Malawi Broadcasting Corporation
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WHISPERS OF CANCER PATIENTS

Visibly feeble and hopeless, is Mphatso Josamu from Yolamu village in area of Traditional Authority Lukwa in Kasungu district, about 150 kilometers away from Lilongwe. She is among cancer patients requiring chemotherapy treatment at least twice a month. 

Agnes Mkwate: Needs radiotherapy treatment

This is the treatment that uses drugs to stop the growth of cancer cells, either by killing the cells or stopping them from multiplying.

Josamu, 39, was diagnosed with the disease some years ago. Unavailability of required services at her district health facility left her with one option, thus traveling twice between Kasungu and Lilongwe for chemotherapy treatment at Kamuzu Central Hospital in Lilongwe.

“I was hopeful of radiotherapy treatment when I heard that cancer centre was opened for the public, but little did I know that the radiotherapy section was left out.

“I have suffered enough. Traveling between Lilongwe requires resources and with my status I cannot ably engage in viable economic activities. Government should have fast tracked the project,” says Josamu, the mother of three.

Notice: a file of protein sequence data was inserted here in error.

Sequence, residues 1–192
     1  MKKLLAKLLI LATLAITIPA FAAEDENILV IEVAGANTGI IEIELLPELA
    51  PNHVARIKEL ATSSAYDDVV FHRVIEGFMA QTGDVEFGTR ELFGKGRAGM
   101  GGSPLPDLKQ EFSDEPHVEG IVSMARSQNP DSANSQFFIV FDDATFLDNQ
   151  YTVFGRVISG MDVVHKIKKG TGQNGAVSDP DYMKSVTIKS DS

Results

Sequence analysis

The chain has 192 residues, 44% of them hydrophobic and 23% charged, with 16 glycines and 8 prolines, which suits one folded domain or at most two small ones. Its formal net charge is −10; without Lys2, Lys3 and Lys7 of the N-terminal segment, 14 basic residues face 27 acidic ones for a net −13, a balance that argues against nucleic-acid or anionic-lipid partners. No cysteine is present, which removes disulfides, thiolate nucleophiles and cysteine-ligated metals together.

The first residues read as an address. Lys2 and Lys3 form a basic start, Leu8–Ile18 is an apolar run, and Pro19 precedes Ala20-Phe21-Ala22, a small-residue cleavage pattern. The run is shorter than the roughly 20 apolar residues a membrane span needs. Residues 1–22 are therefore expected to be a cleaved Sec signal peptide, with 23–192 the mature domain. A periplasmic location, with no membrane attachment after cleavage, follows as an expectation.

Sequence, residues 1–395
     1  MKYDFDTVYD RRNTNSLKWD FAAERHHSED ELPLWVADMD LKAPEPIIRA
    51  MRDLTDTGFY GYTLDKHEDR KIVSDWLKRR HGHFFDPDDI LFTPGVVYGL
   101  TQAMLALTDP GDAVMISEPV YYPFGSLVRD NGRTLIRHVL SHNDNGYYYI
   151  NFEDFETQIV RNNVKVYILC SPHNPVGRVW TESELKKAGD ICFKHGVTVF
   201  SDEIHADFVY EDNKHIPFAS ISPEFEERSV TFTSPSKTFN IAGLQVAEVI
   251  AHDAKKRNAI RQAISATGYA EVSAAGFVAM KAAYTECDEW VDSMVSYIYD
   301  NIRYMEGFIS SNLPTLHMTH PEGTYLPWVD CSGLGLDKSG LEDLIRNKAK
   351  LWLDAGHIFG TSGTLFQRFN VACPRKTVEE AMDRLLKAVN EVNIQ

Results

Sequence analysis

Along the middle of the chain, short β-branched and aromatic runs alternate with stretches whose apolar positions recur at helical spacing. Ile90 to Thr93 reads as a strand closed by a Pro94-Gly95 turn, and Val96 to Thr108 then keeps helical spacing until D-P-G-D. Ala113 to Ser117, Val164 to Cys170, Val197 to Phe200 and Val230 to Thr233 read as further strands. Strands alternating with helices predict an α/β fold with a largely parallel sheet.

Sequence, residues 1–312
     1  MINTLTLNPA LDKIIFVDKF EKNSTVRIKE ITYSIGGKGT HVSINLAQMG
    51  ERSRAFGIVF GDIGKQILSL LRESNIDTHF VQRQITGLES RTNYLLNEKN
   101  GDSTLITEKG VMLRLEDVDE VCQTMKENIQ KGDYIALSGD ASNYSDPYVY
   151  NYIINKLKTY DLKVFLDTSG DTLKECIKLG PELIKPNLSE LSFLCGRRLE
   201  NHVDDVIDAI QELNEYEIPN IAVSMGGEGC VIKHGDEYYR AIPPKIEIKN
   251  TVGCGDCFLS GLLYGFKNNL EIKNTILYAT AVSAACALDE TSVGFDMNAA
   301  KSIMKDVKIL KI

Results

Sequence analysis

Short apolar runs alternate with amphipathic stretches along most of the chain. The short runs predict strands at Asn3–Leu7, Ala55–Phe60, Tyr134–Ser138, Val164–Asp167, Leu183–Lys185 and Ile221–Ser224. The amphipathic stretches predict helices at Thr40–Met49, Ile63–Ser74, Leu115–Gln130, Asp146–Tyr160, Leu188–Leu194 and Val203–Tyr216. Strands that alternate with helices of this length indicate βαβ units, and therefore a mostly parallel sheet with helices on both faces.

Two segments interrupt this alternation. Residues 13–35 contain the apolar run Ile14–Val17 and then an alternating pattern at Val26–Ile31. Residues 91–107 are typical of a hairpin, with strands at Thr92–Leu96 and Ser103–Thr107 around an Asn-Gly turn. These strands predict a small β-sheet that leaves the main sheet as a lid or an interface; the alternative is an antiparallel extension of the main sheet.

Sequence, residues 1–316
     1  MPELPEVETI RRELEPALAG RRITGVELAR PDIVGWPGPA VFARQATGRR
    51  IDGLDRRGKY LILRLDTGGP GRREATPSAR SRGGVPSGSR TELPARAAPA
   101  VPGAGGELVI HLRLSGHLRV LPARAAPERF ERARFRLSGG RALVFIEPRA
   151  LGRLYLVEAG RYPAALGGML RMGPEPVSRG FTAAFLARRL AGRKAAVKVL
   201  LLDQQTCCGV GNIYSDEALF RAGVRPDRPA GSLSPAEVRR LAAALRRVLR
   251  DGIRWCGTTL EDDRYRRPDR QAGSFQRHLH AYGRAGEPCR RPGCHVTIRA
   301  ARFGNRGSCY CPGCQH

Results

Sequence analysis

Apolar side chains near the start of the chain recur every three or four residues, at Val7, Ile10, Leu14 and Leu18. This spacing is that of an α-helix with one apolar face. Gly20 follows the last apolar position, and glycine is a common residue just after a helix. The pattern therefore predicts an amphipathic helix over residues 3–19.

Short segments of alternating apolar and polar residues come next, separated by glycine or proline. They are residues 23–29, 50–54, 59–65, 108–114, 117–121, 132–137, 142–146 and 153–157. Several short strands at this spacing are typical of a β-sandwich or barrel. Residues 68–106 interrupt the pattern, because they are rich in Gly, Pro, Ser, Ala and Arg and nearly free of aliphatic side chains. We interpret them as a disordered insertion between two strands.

Another cancer patient who shares her story is Agness Mkwate. She resolved to stay at a guardian shelter at the referral Queen Elizabeth Central Hospital in Blantyre where she is getting chemotherapy treatment, twice a month as well.

Dr. Nyasosela: Government to save over K10 billion annually.

Mkwate hails from Kabuluzi village, in the area of Traditional authority Mulolo in Nsanje district, 128 kilometers away from Blantyre. She is equally needing radiotherapy.
She has been at this facility for over a year.

“The idea to have the Cancer centre was good but I don’t understand why the project has taken years to be completed. If government was serious enough, the project would have been completed by now,” laments Mkwate.